COVID-19 Roundup: Can Flu Vaccine Reduce Coronavirus Risk?; CDC Warns of Spread in Households; and Air Travel Safety

Flu Shot Could Lower Your Risk of Serious COVID-19 Illness, Studies Indicate

Getting vaccinated against influenza, or the flu, may provide some protection for COVID-19-positive patients, according to a report by researchers at the University of Florida that was published in the Journal of the American Board of Family Medicine.

The researchers at UF’s College of Public Health & Health Professions found that COVID-19-positive patients who had not received the flu vaccine within the last year had 2.44- and 3.29-fold increased odds of being hospitalized or admitted into intensive care units, respectively — compared to those who had received flu shots. The results were adjusted for age, race, gender and several underlying health issues including: hypertension, diabetes, chronic obstructive pulmonary disease, obesity, coronary artery disease, and congestive heart failure.

The lead author of the study, Ming-Jim Yang, M.D., a third-year resident in family medicine at UF Health, and fellow researchers, reviewed data on 2,005 patients older than 18 years of age who tested positive for COVID-19.

The researchers said more investigation is needed to confirm the link between the flu vaccine and severe illness from COVID-19. They said there were limitations to their research, including that it involved just one medical center.

“We think this gives people a huge incentive to get a vaccination,” said Arch G. Mainous III, Ph.D., the UF study’s senior author. “It’s a double-win in many ways because the vaccination is, of course, helping protect you from influenza as well.”

In a separate study, infectious disease immunologists at Radboud University Medical Center in the Netherlands reviewed their hospital’s records to see if employees who had received a flu shot during the 2019–2020 season were more or less likely to get infected by COVID-19. Workers who received a flu vaccine were 39 percent less likely to test positive for the coronavirus as of June 1, 2020, researchers found.

CDC Report on Household Transmission: COVID-19 Can Spread Quickly

If one person in a household contracts COVID-19, he or she will likely spread it quickly to another member of the household, confirms a new report from the U.S. Centers for Disease Control and Prevention (CDC).

How quickly? The study’s authors write: “Approximately 75 percent of infections [were] identified within 5 days of the index patient’s illness onset.” The “index patient” refers to the first household member to come down with the coronavirus.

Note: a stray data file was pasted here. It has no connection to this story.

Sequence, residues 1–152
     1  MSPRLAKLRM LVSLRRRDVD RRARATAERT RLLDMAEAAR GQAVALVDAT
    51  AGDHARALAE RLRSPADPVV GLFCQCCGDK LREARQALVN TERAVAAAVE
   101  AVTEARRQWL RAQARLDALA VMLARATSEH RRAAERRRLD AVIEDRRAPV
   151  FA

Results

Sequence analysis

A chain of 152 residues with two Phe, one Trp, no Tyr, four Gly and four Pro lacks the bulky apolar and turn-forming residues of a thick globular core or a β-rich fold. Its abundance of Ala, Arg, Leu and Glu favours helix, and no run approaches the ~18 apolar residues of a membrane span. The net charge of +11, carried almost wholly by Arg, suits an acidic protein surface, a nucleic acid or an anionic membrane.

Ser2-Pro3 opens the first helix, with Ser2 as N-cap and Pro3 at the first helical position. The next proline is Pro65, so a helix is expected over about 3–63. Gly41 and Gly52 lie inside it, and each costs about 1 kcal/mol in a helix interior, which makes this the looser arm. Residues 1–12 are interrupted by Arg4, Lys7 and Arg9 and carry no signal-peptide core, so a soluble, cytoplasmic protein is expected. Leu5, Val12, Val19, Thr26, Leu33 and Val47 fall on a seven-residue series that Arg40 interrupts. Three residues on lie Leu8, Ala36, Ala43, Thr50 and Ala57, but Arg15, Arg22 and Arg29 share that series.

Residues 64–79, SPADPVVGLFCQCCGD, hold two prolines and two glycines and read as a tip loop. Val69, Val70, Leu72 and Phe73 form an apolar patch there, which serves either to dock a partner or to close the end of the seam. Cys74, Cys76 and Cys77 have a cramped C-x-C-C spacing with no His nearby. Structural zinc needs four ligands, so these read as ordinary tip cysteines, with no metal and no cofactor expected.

Other important findings from the study, according to the CDC: Fewer than one half of household members with confirmed COVID-19 infections reported symptoms at the time infection was first detected, and “many reported no symptoms throughout 7 days of follow-up, underscoring the potential for transmission from asymptomatic secondary contacts and the importance of quarantine.”

The study examined 101 households in Nashville, Tennessee, and Marshfield, Wisconsin. All households had one index patient. At the time that the index patient first reported symptoms, no one else in their household reported any.

The CDC state that household transmission of COVID-19 is common and occurs early after illness onset. “Persons should self-isolate immediately at the onset of COVID-like symptoms, at the time of testing as a result of a high risk exposure, or at time of a positive test result, whichever comes first,” the agency states. “All household members, including the index case, should wear masks within shared spaces in the household.”

Harvard Study: Air Travel can be Less Risky for Coronavirus Transmission Than Grocery Shopping

Airline travel in the COVID-19 era can be less risky than going to the grocery store or eating out, say Harvard researchers in a new study. But airlines must properly maintain air flow in aircraft cabins and all crew members and passengers must adhere rules mandating mask-wearing, the study says.

The Aviation Public Health Initiative (APHI), a project of the Harvard T.H. Chan School of Public Health, researched practices with the aim of minimizing transmission of the coronavirus during air travel. The research team released phase one of its findings, a “gate-to-gate” analysis of the environment on board an aircraft. It will release phase two, a “curb-to-curb” analysis of the environment inside the airport, in early 2021.

Researchers used computer models to examine airflow in aircraft cabins, finding that specialized onboard ventilation systems filter out 99 percent of airborne viruses. The study was funded by airlines, airplane manufacturers and airports, but the Harvard researchers insist that the airline did not influence findings.

An airline’s ventilation system, however, cannot do the job of protecting passengers on its own. In addition to deep cleaning of high-touch surfaces, the study stressed the use of face masks as “the most essential part of a comprehensive set of measures to reduce COVID-19 during air travel.”

“Implementing these layered risk mitigation strategies . . . requires passenger and airline compliance (but) will help to ensure that air travel is as safe or substantially safer than the routine activities people undertake during these times,” the study said.

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